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Elusive Jaguars Are Surveyed Remotely in Ecuador’s Wilderness


Camera trap photo by C Santiago Espinosa/WCS

This is one of 75 pictures of jaguars taken by camera traps in the first large-scale census of the elusive big cat in the Amazon region of Ecuador.

The ongoing census, which began in 2007, is working to establish baseline population numbers as oil exploration and subsequent development puts growing pressure on wildlife in Ecuador’s Yasuni National Park and adjacent Waorani Ethnic Reserve, the New York-based Wildlife Conservation Society said in a release accompanying this and other photos yesterday.

Camera traps photograph animals remotely when they trip a sensor that detects body heat. Jaguars photographed this way are identified individually through their unique pattern of spots.

“Preliminary data show far fewer jaguars in more hunted areas compared to remote study sites,” WCS said in its statement. In the first survey at a heavily hunted site within Yasuni National Park, only three individual jaguars were identified. At a study site in a rarely hunted and remote area, 14 different jaguars were distinguished.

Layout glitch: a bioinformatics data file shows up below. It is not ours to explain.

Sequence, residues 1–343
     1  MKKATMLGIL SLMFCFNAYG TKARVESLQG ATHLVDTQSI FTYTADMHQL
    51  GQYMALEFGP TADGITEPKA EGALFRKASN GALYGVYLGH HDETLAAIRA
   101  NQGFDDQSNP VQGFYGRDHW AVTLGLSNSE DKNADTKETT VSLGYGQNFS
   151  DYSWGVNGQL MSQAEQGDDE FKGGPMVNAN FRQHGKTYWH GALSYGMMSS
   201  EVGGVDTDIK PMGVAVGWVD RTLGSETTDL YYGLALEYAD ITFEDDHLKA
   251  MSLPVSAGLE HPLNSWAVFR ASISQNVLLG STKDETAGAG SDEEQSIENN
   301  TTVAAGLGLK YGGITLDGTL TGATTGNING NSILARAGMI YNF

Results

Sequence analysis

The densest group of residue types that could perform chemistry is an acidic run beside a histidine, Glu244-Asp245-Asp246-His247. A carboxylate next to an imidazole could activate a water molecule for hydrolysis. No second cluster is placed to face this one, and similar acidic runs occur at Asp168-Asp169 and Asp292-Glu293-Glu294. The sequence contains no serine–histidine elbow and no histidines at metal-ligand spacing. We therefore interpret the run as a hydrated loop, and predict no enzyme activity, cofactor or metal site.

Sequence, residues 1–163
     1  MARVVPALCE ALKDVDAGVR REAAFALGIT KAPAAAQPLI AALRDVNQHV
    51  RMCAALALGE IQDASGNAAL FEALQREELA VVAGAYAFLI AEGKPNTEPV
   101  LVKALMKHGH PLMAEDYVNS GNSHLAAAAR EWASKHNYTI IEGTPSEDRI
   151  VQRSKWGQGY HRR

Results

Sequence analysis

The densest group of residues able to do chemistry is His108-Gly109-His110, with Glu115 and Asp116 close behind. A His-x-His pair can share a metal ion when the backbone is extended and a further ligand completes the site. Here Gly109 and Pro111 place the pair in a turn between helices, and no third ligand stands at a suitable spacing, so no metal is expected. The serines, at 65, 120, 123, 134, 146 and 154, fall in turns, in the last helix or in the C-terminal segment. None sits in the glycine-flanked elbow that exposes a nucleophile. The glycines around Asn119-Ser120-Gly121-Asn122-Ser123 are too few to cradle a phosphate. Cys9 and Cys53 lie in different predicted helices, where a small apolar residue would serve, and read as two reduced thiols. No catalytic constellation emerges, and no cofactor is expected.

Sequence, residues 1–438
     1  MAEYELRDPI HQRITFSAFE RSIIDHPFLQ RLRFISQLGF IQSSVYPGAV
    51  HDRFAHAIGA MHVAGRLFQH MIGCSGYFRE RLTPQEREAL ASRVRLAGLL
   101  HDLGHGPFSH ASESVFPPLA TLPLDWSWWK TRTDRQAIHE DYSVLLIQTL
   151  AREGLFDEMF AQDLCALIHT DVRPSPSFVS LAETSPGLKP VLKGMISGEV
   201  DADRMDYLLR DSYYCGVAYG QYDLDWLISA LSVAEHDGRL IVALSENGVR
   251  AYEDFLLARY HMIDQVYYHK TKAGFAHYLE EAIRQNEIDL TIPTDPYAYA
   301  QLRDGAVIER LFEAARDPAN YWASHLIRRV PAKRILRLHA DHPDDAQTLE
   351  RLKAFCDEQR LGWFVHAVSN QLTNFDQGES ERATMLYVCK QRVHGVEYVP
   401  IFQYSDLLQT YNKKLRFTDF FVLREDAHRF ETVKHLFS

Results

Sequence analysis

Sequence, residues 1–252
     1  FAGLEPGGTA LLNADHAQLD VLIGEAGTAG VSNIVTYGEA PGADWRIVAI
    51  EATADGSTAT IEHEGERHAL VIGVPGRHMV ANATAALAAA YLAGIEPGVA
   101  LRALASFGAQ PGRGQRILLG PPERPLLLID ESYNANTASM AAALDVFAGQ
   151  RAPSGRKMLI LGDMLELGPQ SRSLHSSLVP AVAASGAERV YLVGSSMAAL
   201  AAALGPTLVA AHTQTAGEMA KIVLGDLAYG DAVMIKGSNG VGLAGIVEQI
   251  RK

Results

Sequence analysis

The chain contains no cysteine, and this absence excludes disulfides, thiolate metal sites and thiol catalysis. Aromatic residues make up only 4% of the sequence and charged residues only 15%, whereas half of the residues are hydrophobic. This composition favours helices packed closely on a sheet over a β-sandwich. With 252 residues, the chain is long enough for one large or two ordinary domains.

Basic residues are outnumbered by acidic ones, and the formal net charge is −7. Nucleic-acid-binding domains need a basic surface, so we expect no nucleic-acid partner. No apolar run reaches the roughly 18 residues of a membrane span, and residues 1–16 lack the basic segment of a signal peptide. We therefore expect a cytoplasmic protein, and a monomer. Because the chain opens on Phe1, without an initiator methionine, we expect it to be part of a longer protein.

Other images made by the camera traps show jaguar prey species, such as white-lipped peccaries, and other rarely seen species, including two pictures of a short-eared dog, a relative of foxes and wolves, seen in the image alongside.

Camera trap photo by C Santiago Espinosa/WCS

“The main threats to jaguars in Ecuador are habitat degradation and loss due to various human activities,” said WCS research fellow Santiago Espinosa, leader of the study team.

“Bushmeat hunting by local communities has increased due to road development that provides access to otherwise isolated areas. Additionally, people hunt bushmeat to sell commercially in local markets, rather than simply for their own consumption. There is competition for food as people hunt the same prey species as the jaguar. If the prey species disappear, the jaguar will be gone.”

Espinosa and WCS plan to extend the jaguar camera trap surveys to other areas of Ecuador, working with local communities in both the Amazon region and along the coast where most of the forests are gone but still may provide refuge to jaguars.

Related National Geographic News story:

Elusive Jaguars Remain a Mystery, Even to Experts